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An increasing desire for integration across verticals and patient-centric business processes means that metadata automation and collaboration matters more than ever.
The historical definition of metadata is “data about data”, or “metadata is structured information that describes, explains, locates, or otherwise makes it easier to retrieve, use, or manage an information resource”.
In the past, Study conduct was carried out by multiple business functions operating in a siloed manner, such as Data Capture, Clinical Data Management, Analytics & Reporting, Biostatistics, Clinical Operations etc with a more limited, siloed view of metadata.
Now, however, the Healthcare & Life Sciences industries are blurring boundaries and are at a stage of exploiting the potential of a variety and volume of data not only from within each individual industry but also horizontally across both. Each has multiple data sources they can derive benefit from combining individually within the industry and even across both. As the focus is moving towards “Patient-centricity”, straightforward and meaningful access to a broad variety and volume of data is a key aspect of both Healthcare and Life Sciences companies, individually or together, driving innovation at bench-side or at bed-side in the safest, most efficient and costeffective manner; as well as utilizing data-driven insight from bench-side to bed-side or from bedside to bench-side. This need is supported when the data representation is meaningful, and when data is made available on time; and that’s possible when that is supported by a robust foundation of metadata.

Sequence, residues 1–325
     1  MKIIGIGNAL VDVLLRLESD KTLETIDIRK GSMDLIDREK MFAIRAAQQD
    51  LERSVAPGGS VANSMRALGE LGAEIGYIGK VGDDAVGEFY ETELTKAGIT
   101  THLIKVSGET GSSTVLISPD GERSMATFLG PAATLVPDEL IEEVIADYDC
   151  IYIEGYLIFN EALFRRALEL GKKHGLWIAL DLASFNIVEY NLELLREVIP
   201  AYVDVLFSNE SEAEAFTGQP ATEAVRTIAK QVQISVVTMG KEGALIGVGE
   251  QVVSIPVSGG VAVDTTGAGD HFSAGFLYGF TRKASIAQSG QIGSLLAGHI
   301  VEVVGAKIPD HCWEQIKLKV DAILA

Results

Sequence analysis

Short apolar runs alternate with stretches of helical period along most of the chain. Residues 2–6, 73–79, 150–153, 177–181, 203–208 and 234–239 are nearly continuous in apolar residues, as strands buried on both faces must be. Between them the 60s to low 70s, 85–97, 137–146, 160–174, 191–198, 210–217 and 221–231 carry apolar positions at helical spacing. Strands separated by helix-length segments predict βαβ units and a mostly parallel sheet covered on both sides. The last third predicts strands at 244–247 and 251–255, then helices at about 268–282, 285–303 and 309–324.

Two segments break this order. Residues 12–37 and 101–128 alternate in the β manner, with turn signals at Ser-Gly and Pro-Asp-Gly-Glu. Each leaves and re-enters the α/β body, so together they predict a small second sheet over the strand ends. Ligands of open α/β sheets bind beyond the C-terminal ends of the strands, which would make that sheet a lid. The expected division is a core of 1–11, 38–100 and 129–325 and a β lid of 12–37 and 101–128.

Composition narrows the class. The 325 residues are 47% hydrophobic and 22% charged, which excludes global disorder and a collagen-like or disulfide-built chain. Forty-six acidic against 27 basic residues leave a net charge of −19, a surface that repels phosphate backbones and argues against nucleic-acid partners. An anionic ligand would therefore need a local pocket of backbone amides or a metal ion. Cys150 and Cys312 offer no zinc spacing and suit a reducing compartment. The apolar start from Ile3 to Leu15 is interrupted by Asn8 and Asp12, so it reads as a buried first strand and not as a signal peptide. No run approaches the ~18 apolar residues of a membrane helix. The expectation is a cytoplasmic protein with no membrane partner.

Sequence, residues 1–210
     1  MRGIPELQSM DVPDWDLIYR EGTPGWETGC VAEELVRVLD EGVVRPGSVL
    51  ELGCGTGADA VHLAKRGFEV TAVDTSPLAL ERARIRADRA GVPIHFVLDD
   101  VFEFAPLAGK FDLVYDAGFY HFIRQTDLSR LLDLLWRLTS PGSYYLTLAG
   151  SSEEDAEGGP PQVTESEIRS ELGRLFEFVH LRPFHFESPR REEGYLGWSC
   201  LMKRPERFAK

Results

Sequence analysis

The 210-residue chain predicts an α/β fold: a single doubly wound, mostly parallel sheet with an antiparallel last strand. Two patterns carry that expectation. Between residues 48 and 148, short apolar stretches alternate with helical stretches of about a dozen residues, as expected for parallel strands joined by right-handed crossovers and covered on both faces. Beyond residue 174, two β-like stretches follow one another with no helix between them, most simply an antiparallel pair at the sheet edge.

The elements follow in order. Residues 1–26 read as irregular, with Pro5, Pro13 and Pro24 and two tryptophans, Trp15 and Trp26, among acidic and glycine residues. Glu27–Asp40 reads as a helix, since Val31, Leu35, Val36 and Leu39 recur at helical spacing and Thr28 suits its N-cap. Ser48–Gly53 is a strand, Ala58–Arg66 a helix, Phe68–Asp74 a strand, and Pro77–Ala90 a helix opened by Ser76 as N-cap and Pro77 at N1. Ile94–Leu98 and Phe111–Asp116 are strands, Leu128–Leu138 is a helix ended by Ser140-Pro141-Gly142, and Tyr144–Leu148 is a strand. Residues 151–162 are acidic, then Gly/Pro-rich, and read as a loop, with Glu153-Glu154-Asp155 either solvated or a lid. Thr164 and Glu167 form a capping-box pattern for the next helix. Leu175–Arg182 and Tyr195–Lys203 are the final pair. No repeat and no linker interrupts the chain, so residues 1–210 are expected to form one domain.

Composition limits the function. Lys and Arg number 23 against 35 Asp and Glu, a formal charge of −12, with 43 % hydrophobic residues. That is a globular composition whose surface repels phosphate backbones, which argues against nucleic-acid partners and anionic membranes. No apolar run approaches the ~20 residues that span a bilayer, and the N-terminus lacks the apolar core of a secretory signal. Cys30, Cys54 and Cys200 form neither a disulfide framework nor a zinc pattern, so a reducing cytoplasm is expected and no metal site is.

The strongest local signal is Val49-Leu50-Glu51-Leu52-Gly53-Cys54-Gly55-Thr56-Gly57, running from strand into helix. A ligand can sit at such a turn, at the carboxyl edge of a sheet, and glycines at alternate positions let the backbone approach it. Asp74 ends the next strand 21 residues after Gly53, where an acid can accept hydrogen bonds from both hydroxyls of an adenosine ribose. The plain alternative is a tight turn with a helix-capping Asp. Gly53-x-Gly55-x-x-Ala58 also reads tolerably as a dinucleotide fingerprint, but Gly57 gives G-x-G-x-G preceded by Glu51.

In addition, the industry is experiencing a wave of mergers, acquisitions, and consolidations, and all indications point to this trend continuing. As organizations consolidate, they bring with them their existing “legacy” data structures and formats, resulting in the need for integration of global Standards both within the Life Sciences industry itself, and also between the Life Sciences and HealthCare Industries. Such integration is increasingly begin driven by metadata concepts and context around key attributes such as “patient” and “customer”.
In this new paradigm, metadata, along with its storage and usage, has taken on a central role during the lifecycle, from Data Capture through Regulatory Submission. Metadata is stored in multiple formats and types across business functions. To increase reusability, consortiums have implemented standard and customized workflows and process flows for metadata. Many 3rd party consortiums such as CDISC, MedDRA, Who Drug etc., have developed, published, and disseminated multiple versions of key study metadata and standard dictionary terminology that have become not only an integral part of study conduct, but also serve as a direct driver for the realization of cost, time, and resource savings.